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Wednesday, 22 August 2012

Sport as Art or Competition?

There has been an interesting conversation on some blogs and forums as to whether sport is artistic, competitive or both. This may seem like a waste of breath, or as the British use to say, a "Save your breath to cool your porridge" type of topic. However, in light of some of the activities and events in the Olympics, I think this conversation merits attention.

First of all, I did not watch any of the Olympics except the dressage. Sorry, but some of the sports just do not appeal to me. Also, I am living in a mixed dorm and to be honest, the outfits of many of the female athletes embarrassed me. I did not want to watch certain sports because of indecency.

However, I do like some sports and I think the discussion regarding sport as artistic or sport as competitive merits a post for a few reasons, none less than we always, as humans should reflect on our actions, whether play, work or both.

The basic division is this: do the people play to primarily win, or does it not matter who wins? In a sport where the most important thing is winning, more than good sportsmanship and more than the exhibition and use of skills, the sport may be classed as competitive. But, where the skills and technique are foremost, is that art?

Cricket may fall into this category. Except for limited overs, does it really matter who wins as long as the match is interesting, and the skills finely honed? The bowler bowling to the batsman must concentrate on winning, on getting the man out, but the focus on winning is also a focus on skill and hopefully fair play.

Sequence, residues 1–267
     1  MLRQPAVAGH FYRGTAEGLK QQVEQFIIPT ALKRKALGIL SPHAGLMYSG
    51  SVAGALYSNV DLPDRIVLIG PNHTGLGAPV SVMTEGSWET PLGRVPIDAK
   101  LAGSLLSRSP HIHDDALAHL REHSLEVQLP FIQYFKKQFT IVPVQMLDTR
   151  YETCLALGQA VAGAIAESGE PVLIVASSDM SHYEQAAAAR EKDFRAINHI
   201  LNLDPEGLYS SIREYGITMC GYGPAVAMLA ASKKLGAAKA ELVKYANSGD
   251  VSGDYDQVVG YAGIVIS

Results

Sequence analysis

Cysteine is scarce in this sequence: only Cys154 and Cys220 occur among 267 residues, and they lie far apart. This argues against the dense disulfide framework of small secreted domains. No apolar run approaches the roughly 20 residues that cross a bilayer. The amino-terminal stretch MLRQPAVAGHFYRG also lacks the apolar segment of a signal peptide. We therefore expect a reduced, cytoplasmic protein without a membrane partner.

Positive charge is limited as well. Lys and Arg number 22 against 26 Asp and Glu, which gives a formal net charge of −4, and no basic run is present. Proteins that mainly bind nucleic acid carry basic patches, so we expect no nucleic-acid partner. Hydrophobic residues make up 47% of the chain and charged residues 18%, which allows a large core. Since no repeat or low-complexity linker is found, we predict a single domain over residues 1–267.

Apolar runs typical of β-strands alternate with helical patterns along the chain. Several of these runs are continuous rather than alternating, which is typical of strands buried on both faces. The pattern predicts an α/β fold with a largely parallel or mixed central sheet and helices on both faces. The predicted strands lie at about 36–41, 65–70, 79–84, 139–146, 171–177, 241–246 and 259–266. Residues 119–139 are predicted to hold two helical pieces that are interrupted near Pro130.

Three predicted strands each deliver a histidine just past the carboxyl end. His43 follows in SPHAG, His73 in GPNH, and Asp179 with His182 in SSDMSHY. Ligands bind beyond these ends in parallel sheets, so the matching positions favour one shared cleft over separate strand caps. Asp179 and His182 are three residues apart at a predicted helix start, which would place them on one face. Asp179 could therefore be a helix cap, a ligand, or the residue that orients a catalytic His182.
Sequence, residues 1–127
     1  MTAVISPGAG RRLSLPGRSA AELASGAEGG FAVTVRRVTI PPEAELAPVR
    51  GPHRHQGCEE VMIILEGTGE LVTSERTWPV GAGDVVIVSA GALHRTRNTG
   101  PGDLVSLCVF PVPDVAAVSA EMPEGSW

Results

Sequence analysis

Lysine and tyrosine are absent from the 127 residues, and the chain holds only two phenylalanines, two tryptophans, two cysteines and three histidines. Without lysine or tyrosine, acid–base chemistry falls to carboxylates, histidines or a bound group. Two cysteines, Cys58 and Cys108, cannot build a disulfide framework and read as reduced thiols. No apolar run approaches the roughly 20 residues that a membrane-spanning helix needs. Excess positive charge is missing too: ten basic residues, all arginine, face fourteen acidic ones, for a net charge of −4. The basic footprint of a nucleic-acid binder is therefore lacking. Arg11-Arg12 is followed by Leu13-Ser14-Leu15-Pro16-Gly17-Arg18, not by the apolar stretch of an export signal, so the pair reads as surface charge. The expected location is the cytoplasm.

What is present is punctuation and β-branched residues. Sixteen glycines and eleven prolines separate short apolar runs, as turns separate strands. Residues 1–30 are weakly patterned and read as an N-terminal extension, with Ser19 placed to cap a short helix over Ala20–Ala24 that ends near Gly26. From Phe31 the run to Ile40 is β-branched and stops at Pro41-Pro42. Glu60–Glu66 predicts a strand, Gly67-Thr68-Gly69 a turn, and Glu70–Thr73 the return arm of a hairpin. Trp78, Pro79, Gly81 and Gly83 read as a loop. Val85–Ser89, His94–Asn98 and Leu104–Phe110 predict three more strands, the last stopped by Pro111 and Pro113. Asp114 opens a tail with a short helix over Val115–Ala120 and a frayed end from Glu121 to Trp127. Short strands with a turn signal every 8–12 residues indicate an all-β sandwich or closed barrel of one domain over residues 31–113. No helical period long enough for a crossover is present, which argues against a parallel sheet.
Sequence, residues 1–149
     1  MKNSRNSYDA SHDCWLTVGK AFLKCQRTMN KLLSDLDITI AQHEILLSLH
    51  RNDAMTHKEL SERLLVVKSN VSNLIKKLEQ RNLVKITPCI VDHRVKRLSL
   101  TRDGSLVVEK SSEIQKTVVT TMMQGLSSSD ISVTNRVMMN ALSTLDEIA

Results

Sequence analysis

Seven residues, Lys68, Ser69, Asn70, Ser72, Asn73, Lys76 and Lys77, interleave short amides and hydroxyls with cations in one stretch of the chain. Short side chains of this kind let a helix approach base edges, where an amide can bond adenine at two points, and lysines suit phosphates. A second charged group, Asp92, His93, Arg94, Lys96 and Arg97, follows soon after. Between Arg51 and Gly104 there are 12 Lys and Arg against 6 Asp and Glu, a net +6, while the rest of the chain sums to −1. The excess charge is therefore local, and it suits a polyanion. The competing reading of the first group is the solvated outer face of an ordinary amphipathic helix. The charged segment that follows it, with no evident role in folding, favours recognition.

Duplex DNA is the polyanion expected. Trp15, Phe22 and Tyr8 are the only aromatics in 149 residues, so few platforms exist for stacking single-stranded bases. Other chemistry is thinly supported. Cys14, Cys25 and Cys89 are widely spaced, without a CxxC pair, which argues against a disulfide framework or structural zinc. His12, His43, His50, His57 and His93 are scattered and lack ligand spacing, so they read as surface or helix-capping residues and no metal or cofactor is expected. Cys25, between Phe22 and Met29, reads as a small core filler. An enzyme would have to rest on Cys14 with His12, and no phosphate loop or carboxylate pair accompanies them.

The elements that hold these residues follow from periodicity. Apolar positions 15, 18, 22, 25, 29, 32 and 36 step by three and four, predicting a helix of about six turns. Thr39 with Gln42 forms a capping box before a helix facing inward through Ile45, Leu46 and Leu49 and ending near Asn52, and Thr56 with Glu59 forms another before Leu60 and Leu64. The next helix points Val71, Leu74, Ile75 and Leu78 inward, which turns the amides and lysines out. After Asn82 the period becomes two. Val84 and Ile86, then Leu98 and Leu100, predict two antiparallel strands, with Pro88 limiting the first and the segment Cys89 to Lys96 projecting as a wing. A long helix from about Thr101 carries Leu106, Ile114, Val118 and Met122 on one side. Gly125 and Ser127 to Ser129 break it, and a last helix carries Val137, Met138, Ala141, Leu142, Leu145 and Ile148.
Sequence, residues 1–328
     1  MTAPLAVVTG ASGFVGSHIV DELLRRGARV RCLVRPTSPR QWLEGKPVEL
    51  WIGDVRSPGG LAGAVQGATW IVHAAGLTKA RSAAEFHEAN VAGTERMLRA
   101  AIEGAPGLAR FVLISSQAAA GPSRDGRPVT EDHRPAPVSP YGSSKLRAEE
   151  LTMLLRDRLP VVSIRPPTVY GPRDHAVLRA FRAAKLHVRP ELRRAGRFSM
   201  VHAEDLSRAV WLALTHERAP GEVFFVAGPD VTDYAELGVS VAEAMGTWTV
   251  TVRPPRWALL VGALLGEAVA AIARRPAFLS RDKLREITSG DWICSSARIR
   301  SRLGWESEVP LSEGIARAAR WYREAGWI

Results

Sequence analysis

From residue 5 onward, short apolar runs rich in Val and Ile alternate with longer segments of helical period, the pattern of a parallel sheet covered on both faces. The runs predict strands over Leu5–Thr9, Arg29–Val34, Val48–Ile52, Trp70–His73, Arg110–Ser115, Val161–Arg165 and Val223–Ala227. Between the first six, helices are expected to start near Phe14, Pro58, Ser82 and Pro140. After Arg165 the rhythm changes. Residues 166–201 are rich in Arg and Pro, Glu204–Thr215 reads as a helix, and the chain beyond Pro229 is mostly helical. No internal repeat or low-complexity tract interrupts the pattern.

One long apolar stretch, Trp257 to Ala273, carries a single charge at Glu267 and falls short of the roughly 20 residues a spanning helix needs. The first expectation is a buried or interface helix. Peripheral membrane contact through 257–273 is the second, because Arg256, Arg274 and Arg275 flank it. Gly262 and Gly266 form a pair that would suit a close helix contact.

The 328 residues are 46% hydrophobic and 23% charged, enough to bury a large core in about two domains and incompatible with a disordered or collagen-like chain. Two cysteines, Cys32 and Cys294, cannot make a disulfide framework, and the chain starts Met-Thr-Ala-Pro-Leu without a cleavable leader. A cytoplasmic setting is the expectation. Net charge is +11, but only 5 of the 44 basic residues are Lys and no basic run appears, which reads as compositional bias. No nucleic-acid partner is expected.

Let me compare this to chess, which is a competitive sport. It really matters who wins. The entire game is about out-playing, crushing the opponent with strategy, skill and patience. Indeed, I wonder if one on one, or single person with single person sport is more competitive in nature than team sports.

I am not talking about the fans perception only and I am not writing about sports which are merely tribal warfare in disguise, and I do think that some sports fall into both categories.


The genres mix, but there are definitely different genres and, in a sense, games like cricket and baseball will always be less competitive because they are more random, and the beauty of the game is as remarkable as the performance of the players. One could say that in chess, performance is everything; if one is watching a chess match, one is interested in the players, and the observer expects both of them to be playing with ruthless efficiency. However, in a way, baseball is a more human expression - it is art.

One person said that chess is warfare and that one can learn just as much, spiritually, from competitive activity versus non-competitive activity and that the beauty of competitive activity is that the same skills one takes to a chess match are the same skills one takes to life in general, such as the ability to focus, become goal-oriented, conceptualize and visualize, etc.

Now here is an interesting comment from the forum: Baseball is all about living in the moment, but we can't live in the moment all the time, our brains would turn to mush and that competitive activity is more social, while artistic is more personal, even solitary.

I was astounded by this comment: there is actually very little real teamwork in baseball and cricket. But the person who wrote it plays both games and knows more than I do on these subjects.



But, the art of cricket and the art of baseball, especially now that we have conquered the time of the use of steroids and baseball is now a pitchers' game again, seem to be different than a match at Wimbledon or the World Chess Championship. In cricket, however, do we see different types-some artistic and some competitive, like a difference between a Botham and a Gower in days past?